“When I would sit and paint, people asked me to make things for them. In Delhi, for the first time, a customer asked me to make a car. In the village, adivasis do not make cars, the paintings are just of trees, plants, and birds. I told him that I had never made a car before, I didn’t know how to make a car. So the same customer gave me a little sketch of a car, and I drew five-six cars for him in every colour. Since then I started drawing these cars. These cars of mine are selling a lot, people like them.”


In the midst of her illness, Bhuri Bai is awarded the Devi Ahilya Samman by the Madhya Pradesh Government — a national award instituted to honour the creativity of women artists in the tribal, folk and traditional arts.

Image of award plaque; courtesy: Bhuri Bai’s private collection, Bhopal.

She participates in an art workshop organised by the Australia-India Council at the National Crafts Museum and Hastkala Academy in New Delhi, India. Here, along with Jangarh Singh Shyam, she meets Australian artists Kathy Marawili and Djambawa Marawili, and they collaborate on a number of paintings.

“They said to me that the paintings from Australia and our paintings looked similar. They told me, you use dots and they use dots too, and asked me to make a painting without dots, because otherwise it would look too similar. I made something different for them, I made a painting of Galbapji, which has lots of lines and not too many dots, and I showed people dancing.”

Painting by Djambawa Marawili; courtesy of Nomad Art, Darwin.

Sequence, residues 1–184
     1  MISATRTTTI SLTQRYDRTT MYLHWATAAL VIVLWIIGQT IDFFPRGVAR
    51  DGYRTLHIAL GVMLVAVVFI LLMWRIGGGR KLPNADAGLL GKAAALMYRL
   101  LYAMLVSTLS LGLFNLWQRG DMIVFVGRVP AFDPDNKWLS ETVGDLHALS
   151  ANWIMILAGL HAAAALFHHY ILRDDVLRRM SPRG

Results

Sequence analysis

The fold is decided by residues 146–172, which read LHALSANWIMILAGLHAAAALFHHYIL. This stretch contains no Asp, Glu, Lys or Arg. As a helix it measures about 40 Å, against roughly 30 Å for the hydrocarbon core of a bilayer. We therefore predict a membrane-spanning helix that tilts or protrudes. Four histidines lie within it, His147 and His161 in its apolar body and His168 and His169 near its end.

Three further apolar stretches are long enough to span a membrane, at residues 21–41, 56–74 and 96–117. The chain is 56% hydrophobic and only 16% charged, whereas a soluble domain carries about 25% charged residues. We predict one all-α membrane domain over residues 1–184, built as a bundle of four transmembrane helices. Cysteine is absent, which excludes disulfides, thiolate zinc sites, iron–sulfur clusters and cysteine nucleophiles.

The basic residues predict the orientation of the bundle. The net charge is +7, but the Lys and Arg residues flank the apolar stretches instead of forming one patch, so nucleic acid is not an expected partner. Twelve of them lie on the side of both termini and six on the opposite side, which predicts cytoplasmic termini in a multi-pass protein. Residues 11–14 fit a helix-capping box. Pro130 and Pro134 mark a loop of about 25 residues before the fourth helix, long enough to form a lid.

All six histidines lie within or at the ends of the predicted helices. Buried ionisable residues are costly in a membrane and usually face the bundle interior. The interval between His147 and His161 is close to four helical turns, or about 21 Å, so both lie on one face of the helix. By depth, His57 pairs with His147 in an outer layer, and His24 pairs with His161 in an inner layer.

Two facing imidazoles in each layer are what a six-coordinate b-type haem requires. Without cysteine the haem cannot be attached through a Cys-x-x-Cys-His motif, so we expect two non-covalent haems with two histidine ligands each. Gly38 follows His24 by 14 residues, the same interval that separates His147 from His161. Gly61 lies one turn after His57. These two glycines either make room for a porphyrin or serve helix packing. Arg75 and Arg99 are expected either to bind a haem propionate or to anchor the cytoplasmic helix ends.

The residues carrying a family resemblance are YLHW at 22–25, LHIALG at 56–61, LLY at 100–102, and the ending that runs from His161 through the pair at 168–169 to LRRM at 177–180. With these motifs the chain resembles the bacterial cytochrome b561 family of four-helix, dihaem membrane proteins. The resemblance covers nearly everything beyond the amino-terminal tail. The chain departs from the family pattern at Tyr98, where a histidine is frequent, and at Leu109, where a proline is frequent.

Bhuri Bai loses her job at the Bhopal PWD along with 2,300 other employees, as a result of an economic rollback. She loses her monthly salary of 1,823 rupees.

“I wondered how I would support my family, my six children were so young. Then one day, I went to the office of the Adivasi Lok Kala Academy after covering my face and wounds. Kapil Tiwari Ji was its director. The Tribal Museum building didn’t exist, it was all jungle. I asked him to help me, there was nobody else left to ask. He was a kind man. He agreed to buy my medicines and help me as best as he could. They sent me a letter around Holi and I had someone read it to me. I found out that I had been offered a job as an artist.”


On April 19, 2002, Bhuri Bai officially begins working as an artist with the Adivasi Lok Kala Academy. The Academy was later subsumed into the Madhya Pradesh State Tribal Museum, where she continues to work today. On her first day of work, she remembers worrying that nobody would sit next to her or talk to her because of the way she looked as a result of her illness.

“They gave me colours, brushes and assigned me a room and told me, sit and paint whatever you want. Over time, slowly, eventually, I actually became better, all my illness went away. Who knows, maybe I loved my art so much that it cured me. Maybe that is what saved me, my paints and my brushes. Ever since then, things have been going so well.”

The same year, her illustrations appear in the November-February issue of Chaumasa, the Academy’s quarterly publication on tribal arts, literature and culture. Over the years, she would illustrate many issues of the magazine.

Image of cover of Chaumasa by Bhuri Bai; courtesy: Adivasi Lok Kala Academy, Bhopal.

This is the year she learns how to sign her paintings. Until now, all her paintings have been unsigned. Since Bhuri Bai doesn’t date her work, her signature, together with the difference in style, serves as a way to mark the period in which she has made a particular painting.

All her unsigned works belong to the 1980s and 90s. She shifts towards a brighter colour palette by the late 2000s and begins using finer patterns with uniformly sized dots in the late 2010s.


Her illustrations appear in more publications by the Adivasi Lok Kala Academy — two anthologies of Bhil stories titled Bhili Kathayein, by Govind Gehlot (2005) and Dr. HS Gugalia (2006); and Bhil Janjateeya Geet, a book of Bhil traditional songs by Govind Gehlot and Mahesh Chandra Shandilya (2006).

Images of book covers by Bhuri Bai; courtesy: Adivasi Lok Kala Academy, Bhopal.